12 December 2011
ByAppeared in BioNews 637
A rare genetic variant causing lower levels of vitamin D has been linked to multiple sclerosis (MS), according to scientists.
Mutations in the gene, CYP27B1, were identified by sequencing the genomes of 43 people from families where four or more members had MS. The team then examined the gene in 3,000 families of unaffected parents who had a child with MS. They discovered that all of the 35 parents who had one mutated copy of the gene had passed this variation onto their children.
'If inheriting the CYP27B1 gene variant was unrelated to MS, there would be a 50/50 chance of the child inheriting the variant from their parent', explained senior author Professor George Ebers from the University of Oxford. 'All 35 children inheriting the variant is like flipping a coin 35 times and getting 35 heads, entailing odds of 32 billion to one against'.
However, as parents with one copy of the gene did not always have MS, there must be other factors at play.
'Current opinion suggests that a combination of genetic predisposition, environmental factors such as exposure to sunlight and possibly some sort of trigger, such as a viral infection, interact in some way to start the development of MS', Paul Comer from the charity MS Trust told the BBC. 'This is another step towards finding ways to reduce the risk of developing MS, but it is likely to be some years yet before we can gauge the significance of vitamin D deficiency to MS'.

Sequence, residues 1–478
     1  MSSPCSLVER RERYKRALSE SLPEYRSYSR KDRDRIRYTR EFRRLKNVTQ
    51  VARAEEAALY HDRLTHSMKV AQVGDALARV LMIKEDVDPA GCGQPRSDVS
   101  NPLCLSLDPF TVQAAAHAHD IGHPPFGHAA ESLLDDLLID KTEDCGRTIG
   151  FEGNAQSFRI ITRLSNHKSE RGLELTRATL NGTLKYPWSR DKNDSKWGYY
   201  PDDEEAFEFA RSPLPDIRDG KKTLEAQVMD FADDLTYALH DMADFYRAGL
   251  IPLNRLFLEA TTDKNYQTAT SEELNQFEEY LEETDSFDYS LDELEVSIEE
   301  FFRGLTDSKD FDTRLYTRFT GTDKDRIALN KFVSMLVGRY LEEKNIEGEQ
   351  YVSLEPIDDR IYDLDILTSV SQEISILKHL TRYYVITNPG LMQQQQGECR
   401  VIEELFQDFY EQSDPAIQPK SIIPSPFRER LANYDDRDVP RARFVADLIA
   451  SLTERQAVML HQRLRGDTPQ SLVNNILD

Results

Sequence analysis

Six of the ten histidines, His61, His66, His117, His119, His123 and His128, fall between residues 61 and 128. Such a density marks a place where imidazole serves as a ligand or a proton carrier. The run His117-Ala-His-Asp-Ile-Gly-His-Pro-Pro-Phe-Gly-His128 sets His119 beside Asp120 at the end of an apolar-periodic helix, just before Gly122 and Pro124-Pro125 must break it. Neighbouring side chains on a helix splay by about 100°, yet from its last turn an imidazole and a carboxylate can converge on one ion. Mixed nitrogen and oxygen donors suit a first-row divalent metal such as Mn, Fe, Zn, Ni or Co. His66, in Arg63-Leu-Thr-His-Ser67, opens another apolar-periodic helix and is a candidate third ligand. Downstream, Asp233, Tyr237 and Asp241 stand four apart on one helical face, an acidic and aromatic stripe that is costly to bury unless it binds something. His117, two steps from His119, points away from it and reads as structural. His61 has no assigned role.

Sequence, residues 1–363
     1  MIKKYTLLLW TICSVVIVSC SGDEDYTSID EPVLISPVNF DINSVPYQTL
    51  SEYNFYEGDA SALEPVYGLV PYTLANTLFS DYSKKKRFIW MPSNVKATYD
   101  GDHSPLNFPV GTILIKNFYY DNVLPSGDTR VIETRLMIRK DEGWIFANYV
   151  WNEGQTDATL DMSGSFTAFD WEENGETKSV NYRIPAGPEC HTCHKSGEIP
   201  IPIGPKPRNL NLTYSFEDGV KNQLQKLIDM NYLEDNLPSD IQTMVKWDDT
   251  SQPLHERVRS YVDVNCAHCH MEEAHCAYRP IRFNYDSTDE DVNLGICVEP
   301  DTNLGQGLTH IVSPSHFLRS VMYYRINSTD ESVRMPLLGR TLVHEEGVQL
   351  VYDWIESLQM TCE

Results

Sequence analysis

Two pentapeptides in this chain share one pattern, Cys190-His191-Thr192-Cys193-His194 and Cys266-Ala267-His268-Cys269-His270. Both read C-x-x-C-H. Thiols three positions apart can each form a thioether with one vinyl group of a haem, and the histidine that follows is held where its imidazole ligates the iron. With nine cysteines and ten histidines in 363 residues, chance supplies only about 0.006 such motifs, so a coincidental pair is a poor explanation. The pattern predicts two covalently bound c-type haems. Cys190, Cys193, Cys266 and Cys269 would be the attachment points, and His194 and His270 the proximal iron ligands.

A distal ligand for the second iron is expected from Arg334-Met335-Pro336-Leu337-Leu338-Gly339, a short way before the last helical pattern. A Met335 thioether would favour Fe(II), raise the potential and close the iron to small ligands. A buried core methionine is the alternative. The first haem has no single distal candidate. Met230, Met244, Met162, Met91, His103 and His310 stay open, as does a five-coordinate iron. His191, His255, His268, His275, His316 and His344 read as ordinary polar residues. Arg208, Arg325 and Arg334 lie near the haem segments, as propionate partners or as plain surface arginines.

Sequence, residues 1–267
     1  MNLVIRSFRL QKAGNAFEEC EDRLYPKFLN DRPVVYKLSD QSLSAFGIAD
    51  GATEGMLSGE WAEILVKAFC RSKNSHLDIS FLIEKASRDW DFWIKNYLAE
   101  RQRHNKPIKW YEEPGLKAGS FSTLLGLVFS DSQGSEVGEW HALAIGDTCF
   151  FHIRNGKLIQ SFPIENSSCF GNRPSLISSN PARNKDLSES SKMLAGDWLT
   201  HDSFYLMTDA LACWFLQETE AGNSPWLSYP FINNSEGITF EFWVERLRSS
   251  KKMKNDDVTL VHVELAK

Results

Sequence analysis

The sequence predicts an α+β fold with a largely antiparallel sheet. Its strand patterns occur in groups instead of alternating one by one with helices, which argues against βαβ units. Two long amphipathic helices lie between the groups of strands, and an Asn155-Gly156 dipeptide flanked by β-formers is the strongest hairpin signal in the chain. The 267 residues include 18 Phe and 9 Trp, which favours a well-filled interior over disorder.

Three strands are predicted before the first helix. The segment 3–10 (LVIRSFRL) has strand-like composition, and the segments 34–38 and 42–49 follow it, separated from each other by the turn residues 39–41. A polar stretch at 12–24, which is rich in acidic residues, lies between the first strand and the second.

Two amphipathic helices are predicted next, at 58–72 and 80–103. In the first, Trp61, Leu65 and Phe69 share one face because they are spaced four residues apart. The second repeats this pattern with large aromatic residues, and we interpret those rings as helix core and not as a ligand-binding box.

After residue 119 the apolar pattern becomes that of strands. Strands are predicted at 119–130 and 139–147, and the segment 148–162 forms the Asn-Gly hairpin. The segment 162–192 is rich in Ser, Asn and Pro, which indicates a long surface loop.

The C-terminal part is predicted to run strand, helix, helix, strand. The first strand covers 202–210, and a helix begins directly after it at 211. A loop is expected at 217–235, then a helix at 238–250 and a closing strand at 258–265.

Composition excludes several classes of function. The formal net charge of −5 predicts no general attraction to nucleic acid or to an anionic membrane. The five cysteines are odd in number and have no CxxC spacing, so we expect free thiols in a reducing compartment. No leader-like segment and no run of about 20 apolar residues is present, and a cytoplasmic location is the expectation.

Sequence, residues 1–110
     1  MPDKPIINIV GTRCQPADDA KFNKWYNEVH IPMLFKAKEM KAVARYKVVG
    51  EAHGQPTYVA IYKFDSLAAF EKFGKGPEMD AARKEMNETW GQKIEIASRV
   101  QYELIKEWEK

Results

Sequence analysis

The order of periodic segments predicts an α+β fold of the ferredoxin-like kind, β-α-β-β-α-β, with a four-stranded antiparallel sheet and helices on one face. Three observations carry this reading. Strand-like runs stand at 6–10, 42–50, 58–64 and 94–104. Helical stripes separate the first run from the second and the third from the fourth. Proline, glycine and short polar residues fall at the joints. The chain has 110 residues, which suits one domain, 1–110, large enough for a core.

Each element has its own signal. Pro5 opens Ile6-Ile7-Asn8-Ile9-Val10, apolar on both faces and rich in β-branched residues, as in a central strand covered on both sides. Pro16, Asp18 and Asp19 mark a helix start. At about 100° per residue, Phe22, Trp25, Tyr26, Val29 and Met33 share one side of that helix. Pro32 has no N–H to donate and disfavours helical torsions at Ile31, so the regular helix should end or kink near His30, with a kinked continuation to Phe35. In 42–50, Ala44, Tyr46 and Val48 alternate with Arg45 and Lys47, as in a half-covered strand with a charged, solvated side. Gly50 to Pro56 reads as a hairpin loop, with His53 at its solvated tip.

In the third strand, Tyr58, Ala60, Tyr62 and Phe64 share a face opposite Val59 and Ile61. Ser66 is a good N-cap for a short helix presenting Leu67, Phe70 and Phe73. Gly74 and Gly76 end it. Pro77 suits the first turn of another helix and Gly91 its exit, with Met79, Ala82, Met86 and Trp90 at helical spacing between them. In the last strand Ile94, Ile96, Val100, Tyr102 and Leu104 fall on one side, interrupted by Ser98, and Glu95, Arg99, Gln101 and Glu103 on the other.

Norweigan researchers also found that those with two copies of this mutation had both MS and rickets, a disease caused by a vitamin D deficiency.
'Large-scale studies of vitamin D supplements for preventing multiple sclerosis are now strongly warranted', noted Professor Ebers. 'It would be important particularly in countries like Scotland and the rest of the UK where sunshine levels are low for large parts of the year'.
MS is an inflammatory disease causing degeneration of myelin sheaths on axons in the central nervous system, disrupting the transmission of nervous impulses.
The study, published online in the journal Annals of Neurology, is the result of collaborations between the University of Oxford and scientists from Canada's University of Ottawa, University of British Columbia and McGill University.